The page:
Racial division adds a further dimension to anxiety about welfare provision – ie transfers from Us to Them.  In both nations and US states spending on welfare measures is inversely related to racial division. More homogenous societies are happier to spend money on welfare. Support for welfare in the USA is higher among people who live near to many welfare recipients of the same race, but lower among people who live near to welfare recipients of another race. People have a hostile reaction to recipients of another race, but sympathetic reaction to recipients of the same race. Support for welfare is  greater among whites who  “have …had a black person for dinner in your home in the last few years?” Geographic isolation may be a cause of “separate-group” thinking, but in many places racial and geographic isolation go together.

Never waste an opportunity

Repeatedly, neo-liberal politicians have taken advantage of crises to undermine social solidarity. In some countries they are rubbing their hands with glee in the  current economic crisis. In the UK measures supposedly taken in order to reduce the deficit include:

  • Increase tuition fees and set up student loan system that costs more than what it replaced
  • Remove child benefit from higher rate taxpayers so 500,000 more people have to complete self-assessment forms
  • Cull QUANGOs and spend millions in redundancies, and then rehire people

Even though means testing introduces complexity, costs money to administer, and lets people fall through gaps, removal of middle classes from welfare system erodes support for welfare. There is strong support for welfare in Scandinavia with universal benefits, but low support for welfare in USA with poverty relief.  As Richard Titmuss  famously asserted: “A service for the poor is a poor service”.

At the same time there is a determined demonisation of the undeserving – mostly immigrant – poor.  In the benefits system we are clearly moving back towards the principle of less eligibility which dominated the Poor Law regime – a determination that conditions for benefit recipients should be more undesirable than any possible alternative.   This has developed as we have, over a long period, moved away from a contribution based system towards one where benefits are almost all means-tested, or targeted on those who need them most.  National Insurance Contributions, which many people still think are the basis of entitlement to both benefits and healthcare, in reality are now only linked to State Pension – a benefit which seems in political discourse not to count as welfare.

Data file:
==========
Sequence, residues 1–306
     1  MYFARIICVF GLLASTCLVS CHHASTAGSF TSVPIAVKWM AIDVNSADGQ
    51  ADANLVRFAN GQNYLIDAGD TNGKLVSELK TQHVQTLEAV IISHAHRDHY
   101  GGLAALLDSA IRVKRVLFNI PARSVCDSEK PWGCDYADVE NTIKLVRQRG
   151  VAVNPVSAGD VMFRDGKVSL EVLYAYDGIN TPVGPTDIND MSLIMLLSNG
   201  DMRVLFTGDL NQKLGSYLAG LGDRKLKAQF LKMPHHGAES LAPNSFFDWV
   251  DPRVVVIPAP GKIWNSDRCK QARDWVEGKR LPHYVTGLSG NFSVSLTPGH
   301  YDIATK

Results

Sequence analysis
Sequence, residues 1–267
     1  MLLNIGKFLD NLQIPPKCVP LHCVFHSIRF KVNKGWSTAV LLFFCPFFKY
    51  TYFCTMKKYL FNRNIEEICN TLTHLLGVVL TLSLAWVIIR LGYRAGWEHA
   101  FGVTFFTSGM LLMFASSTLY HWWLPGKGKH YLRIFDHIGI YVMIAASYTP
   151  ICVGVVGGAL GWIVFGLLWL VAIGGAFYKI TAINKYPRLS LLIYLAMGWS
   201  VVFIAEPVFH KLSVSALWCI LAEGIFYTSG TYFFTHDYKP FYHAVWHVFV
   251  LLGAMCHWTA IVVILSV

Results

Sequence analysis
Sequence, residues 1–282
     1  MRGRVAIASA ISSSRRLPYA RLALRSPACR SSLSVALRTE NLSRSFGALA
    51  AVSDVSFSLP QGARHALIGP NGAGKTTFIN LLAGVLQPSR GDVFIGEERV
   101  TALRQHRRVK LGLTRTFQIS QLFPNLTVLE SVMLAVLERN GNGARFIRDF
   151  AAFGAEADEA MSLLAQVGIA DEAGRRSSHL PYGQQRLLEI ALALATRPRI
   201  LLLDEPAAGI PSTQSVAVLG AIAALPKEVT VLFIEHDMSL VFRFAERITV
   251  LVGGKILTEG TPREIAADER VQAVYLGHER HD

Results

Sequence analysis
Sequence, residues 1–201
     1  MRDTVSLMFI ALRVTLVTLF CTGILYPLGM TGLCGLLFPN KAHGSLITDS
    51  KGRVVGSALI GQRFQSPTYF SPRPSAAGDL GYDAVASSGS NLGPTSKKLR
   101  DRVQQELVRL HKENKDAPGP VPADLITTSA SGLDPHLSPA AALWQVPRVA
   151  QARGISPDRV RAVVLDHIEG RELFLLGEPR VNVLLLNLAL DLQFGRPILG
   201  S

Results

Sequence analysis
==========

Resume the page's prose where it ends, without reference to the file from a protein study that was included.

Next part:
So far this judgemental approach has not had much effect on attitudes towards the NHS, but there are signs that the notion of a universal service is under threat.  The Government has made much of the cost of “health tourism”, despite the lack of any substantial evidence that it is a problem, and a system is to be instituted to subject migrants and overseas visitors to extended prescription fees, the introduction of charges for some emergency care and higher rates for optical and dental services. Details of how this scheme was to work were supposed to have been announced in March 2014, but have not yet appeared.  As Bevan said in 1952 “The whole agitation has a nasty taste. Instead of rejoicing at the opportunity to practice a civilized principle, Conservatives have tried to exploit the most disreputable emotions in this among many other attempts to discredit socialized medicine.”

The fundamental question

  • Who are we?
  • And who are we not?

See also:

The assault on universalism: how to destroy the welfare state  Martin McKee British Medical Journal December 2011

Can the Tories abolish the welfare state?   Iain Ferguson International Socialism January 2014